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Thursday Morning Inspiration: Bretislav Pojar

Bretislav Pojar

This cartoon series is a surprising and joyful discovery for me. From what I’ve read online though, it seems to be a well known classic among Czech viewers. Between 1965 and 1967, Czechoslovakian animator Bretislav Pojar made a series of six shorts called Hey Mister, Let’s Play. The mostly stop-motion cartoons star two bears—one smart, the other not so much. Pojar made five more episodes featuring the same bears in the early-1970s, this time calling it Who Threw That, Gentlemen?.

Below is the first short, Potkali se u Kolina (How They Met At Kolin), that introduces the characters. The cartoon is over forty years old yet it looks as fresh and vital as any cartoon being produced today. How did they ever manage to create something with so much charm and appeal? It’s not an easy thing to accomplish, and director Pojar and designer Miroslav Stepanek make it all look so effortless. The animation of the characters is particularly fun to watch with stylized movement and graphic inventiveness abound.

For those who want to see more and can understand the following website, two dvds of these shorts can be purchased here.

  • thanks for this. “PojÄ?te pane, budeme si hrát” is one of those overlooked animation series that really deserves more attention. I got to to see the films on 35mm prints and the actual puppets in the Barandov studios while I was studying in Czech Republic. The puppets where about 15 cm and they were animated on top of a sheet of glass, so only “half” of the puppet was constructed.
    Some of the most charming and fun animation ever.

  • Chuck R.

    Wow, this is really terrific, and yes, a bit of a shock to someone who thinks he’s seen it all.

    I can’t think of another instance where fully dimensional characters work in an absolutely flat and modern environment. (Maybe George Pal did it somewhere) The exact opposite occurs in those excellent Fleischer cartoons with 3D backgrounds, but this approach probably makes more sense, because it puts the detail on the characters where it belongs. It gets surreal when the 3D animals drive a somewhat flattened car behind a flat sculpted tree, but it works.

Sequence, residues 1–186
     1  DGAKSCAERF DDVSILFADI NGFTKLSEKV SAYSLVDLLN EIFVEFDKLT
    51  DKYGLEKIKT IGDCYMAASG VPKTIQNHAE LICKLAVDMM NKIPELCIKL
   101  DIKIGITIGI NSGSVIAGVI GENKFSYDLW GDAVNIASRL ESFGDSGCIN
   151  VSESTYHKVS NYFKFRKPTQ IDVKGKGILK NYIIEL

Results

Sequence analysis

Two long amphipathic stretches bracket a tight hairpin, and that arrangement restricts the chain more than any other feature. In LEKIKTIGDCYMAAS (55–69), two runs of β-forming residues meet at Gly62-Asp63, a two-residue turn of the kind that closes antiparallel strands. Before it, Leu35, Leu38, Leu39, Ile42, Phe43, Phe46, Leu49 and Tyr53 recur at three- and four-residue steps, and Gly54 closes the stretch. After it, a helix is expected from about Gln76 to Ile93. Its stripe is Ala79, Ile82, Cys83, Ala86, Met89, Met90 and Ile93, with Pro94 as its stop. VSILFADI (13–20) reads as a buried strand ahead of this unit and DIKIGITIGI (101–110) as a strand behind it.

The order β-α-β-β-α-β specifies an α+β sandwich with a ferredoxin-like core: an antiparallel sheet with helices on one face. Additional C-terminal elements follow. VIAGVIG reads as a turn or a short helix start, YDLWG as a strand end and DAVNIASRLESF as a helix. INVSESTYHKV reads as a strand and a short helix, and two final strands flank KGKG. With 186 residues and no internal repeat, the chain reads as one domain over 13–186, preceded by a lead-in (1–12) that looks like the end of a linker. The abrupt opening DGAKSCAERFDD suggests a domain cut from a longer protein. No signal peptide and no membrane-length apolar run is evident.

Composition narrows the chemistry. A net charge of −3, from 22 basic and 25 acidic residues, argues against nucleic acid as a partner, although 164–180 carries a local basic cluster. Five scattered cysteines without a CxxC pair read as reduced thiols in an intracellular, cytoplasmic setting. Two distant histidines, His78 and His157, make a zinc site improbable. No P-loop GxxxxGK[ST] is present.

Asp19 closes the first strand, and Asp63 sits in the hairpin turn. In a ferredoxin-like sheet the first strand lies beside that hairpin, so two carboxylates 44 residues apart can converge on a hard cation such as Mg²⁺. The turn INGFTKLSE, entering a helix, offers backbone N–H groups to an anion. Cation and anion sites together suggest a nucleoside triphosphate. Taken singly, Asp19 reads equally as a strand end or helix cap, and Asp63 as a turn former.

Is it just me, or is the smaller bear way more believable/appealing/expressive than the larger one?

    Anyone know how these were done? All in the camera?

  • E

    Beautiful Visual Fun-ness. Nice.

  • Chuck R.

    Thanks, for the description, germán!
    Anyone know if this has ever been done elsewhere?

  • Absolutely incredible, I don’t think I’ve seen anything quite like it.

  • Very charming & fun characters, indeed. It’s cool how they applied a lot of hand-drawn principles to the characters, like squash & stretch & such. I’ve never known about these films before, now I’m very intrigued by how great they really are. Even though it’s in another language, I can understand how they feel just by looking at them.

    Am I the only one after viewing this who actually would like some of that candy they’re eating?

    Chuck R. – I agree, the smaller bear to me is a much more likable character than the taller one.